The anti-rodeo campaign has been growing for nearly two decades across the nation. The following is a partial list of animal rights groups and their positions:
The Humane Society of the United States (800,000 members): "(The society) is opposed to rodeos because they result in torment, harassment and stress being inflicted upon the participating animals and expose rodeo stock to the probability of pain, injury or death. We denounce this type of unnecessary exploitation and the use of devices such as the electric prod, sharpened sticks, spurs, flank straps and other rodeo tack which cause animals to react violently."American Humane Association, Denver, Colo. (50,000 members plus 4,500 local organizations, including the Humane Society of Utah): Position is same as the Humane Society of the United States.
Animal Protection Institute, Sacramento, Calif. (180,000 members): "We're against the rodeo per se because it torments animals for merely an entertainment situation. Rodeos today are very unlike what's being done on ranches," said field services director Bill Hillman, who grew up on a ranch in southeast Idaho. The institute's written policy opposing rodeo closely follows that of the Humane Society of the United States.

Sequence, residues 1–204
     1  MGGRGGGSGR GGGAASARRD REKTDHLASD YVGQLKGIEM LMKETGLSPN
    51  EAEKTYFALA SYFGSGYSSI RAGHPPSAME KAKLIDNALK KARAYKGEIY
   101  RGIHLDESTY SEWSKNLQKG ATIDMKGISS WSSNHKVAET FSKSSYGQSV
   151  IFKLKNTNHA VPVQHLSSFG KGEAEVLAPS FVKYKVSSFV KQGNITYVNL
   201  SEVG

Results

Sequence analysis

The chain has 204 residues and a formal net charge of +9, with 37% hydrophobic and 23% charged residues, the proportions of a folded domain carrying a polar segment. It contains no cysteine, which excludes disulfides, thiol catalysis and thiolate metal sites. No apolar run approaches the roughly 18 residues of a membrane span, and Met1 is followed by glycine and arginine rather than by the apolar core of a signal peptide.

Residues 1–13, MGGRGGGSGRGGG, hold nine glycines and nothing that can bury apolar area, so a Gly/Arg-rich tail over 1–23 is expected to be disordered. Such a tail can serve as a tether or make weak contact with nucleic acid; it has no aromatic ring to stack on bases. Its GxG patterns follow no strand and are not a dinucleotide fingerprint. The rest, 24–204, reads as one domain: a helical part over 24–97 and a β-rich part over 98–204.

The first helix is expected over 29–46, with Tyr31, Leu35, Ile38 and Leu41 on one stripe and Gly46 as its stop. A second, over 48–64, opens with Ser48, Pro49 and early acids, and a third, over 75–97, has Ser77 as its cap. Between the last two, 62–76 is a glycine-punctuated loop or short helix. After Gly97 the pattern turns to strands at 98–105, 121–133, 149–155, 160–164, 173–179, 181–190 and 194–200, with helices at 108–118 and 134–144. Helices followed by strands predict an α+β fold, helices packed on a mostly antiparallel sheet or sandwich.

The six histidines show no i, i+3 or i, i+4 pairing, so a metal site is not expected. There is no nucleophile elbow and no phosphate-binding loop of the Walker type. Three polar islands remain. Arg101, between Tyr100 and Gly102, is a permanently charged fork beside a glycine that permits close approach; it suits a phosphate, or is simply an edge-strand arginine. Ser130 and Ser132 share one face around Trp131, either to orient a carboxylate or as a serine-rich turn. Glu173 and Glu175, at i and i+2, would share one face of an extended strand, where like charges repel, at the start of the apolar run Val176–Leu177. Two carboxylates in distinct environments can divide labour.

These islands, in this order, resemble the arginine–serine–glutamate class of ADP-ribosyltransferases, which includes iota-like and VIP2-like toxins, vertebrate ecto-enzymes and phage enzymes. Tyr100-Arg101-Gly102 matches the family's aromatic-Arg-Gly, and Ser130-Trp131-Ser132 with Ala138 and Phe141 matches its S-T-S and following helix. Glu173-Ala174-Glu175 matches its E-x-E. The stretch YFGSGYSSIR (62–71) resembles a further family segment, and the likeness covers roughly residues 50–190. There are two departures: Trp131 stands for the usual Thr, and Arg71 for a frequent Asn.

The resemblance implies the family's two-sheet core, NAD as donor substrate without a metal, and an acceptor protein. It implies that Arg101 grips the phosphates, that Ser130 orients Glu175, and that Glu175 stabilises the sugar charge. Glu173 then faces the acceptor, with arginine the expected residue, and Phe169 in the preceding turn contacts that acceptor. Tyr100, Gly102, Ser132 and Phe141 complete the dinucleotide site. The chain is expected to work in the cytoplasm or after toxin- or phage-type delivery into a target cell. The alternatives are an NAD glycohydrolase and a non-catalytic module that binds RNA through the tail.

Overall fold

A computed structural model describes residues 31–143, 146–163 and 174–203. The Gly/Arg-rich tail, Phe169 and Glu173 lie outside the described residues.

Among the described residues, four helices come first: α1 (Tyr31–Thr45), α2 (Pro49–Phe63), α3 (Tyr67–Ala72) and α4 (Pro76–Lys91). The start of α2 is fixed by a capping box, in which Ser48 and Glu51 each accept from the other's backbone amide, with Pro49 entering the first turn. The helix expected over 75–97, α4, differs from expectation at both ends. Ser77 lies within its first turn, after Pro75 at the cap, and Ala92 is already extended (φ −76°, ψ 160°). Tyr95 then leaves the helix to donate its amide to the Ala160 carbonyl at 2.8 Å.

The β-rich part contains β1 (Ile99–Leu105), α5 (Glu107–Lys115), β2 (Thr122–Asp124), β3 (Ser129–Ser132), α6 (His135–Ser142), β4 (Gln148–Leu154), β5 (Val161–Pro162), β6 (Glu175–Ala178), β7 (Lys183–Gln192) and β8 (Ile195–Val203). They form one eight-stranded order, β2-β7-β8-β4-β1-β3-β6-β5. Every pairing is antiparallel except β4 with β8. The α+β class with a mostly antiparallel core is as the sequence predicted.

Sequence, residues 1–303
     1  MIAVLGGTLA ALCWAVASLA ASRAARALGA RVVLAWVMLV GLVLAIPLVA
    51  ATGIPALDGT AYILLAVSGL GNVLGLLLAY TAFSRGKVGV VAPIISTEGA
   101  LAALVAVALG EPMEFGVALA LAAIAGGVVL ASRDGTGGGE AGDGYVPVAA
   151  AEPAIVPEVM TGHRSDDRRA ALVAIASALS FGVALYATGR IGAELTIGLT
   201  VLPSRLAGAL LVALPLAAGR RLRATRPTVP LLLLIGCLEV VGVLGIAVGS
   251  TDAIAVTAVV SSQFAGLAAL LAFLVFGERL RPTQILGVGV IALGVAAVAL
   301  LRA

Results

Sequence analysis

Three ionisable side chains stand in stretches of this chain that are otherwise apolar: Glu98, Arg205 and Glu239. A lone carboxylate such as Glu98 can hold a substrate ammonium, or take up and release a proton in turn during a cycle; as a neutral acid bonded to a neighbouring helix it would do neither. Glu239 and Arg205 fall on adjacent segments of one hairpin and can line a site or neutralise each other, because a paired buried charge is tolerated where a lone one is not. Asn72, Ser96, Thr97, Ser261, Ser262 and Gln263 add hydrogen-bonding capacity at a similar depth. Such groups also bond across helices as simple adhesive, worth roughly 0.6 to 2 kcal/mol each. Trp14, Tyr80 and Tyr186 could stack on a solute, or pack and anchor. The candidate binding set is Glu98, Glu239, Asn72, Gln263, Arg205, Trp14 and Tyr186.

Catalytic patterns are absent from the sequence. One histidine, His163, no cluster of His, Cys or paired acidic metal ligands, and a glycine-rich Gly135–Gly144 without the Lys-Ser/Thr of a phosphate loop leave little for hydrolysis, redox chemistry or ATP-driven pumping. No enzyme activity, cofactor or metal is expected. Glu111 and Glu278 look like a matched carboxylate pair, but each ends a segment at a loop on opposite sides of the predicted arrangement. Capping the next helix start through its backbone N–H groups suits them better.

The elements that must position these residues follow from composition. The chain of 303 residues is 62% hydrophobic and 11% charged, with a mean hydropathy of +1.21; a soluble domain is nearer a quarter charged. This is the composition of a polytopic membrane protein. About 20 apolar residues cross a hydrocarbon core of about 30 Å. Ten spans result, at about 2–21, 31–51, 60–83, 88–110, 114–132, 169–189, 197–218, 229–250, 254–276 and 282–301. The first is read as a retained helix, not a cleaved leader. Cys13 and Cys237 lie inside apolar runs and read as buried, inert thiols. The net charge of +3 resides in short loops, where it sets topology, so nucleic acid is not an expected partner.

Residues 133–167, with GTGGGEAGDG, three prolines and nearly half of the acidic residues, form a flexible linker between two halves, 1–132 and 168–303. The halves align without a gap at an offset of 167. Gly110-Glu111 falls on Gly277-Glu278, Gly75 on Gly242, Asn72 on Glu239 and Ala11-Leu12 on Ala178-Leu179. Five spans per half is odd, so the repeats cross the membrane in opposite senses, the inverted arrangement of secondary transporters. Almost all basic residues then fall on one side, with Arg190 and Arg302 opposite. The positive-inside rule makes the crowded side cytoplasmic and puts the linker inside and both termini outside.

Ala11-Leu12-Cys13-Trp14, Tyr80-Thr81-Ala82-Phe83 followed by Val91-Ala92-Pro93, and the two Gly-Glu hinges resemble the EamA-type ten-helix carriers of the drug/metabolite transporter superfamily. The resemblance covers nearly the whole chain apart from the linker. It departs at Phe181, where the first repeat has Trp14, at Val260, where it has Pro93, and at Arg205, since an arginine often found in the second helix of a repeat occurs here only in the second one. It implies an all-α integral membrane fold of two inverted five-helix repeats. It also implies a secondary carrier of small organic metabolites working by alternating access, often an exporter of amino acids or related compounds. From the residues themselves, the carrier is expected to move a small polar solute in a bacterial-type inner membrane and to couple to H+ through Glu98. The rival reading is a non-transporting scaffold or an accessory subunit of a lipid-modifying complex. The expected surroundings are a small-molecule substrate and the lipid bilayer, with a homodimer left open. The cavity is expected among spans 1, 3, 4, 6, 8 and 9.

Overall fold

People For The Ethical Treatment of Animals (PETA), Washington, D.C., (250,000 members): "Rodeos are promoted as being rough and tough exercises of human skill and courage in conquering the fierce, untamed beast of the Wild West. In reality, rodeos are nothing more than manipulative displays of human domination over animals, thinly disguised as entertainment. What began in the late 1800s as a skill contest among cowboys has become a show motivated by greed and profit."
Association of Veterinarians For Animal Rights, New York City, (300 members): "The association is staunchly against rodeo. In our professional opinion, rodeos represent an unacceptable use of non-human animals because of the cruelty and suffering that the animals must endure in order to provide humans with entertainment."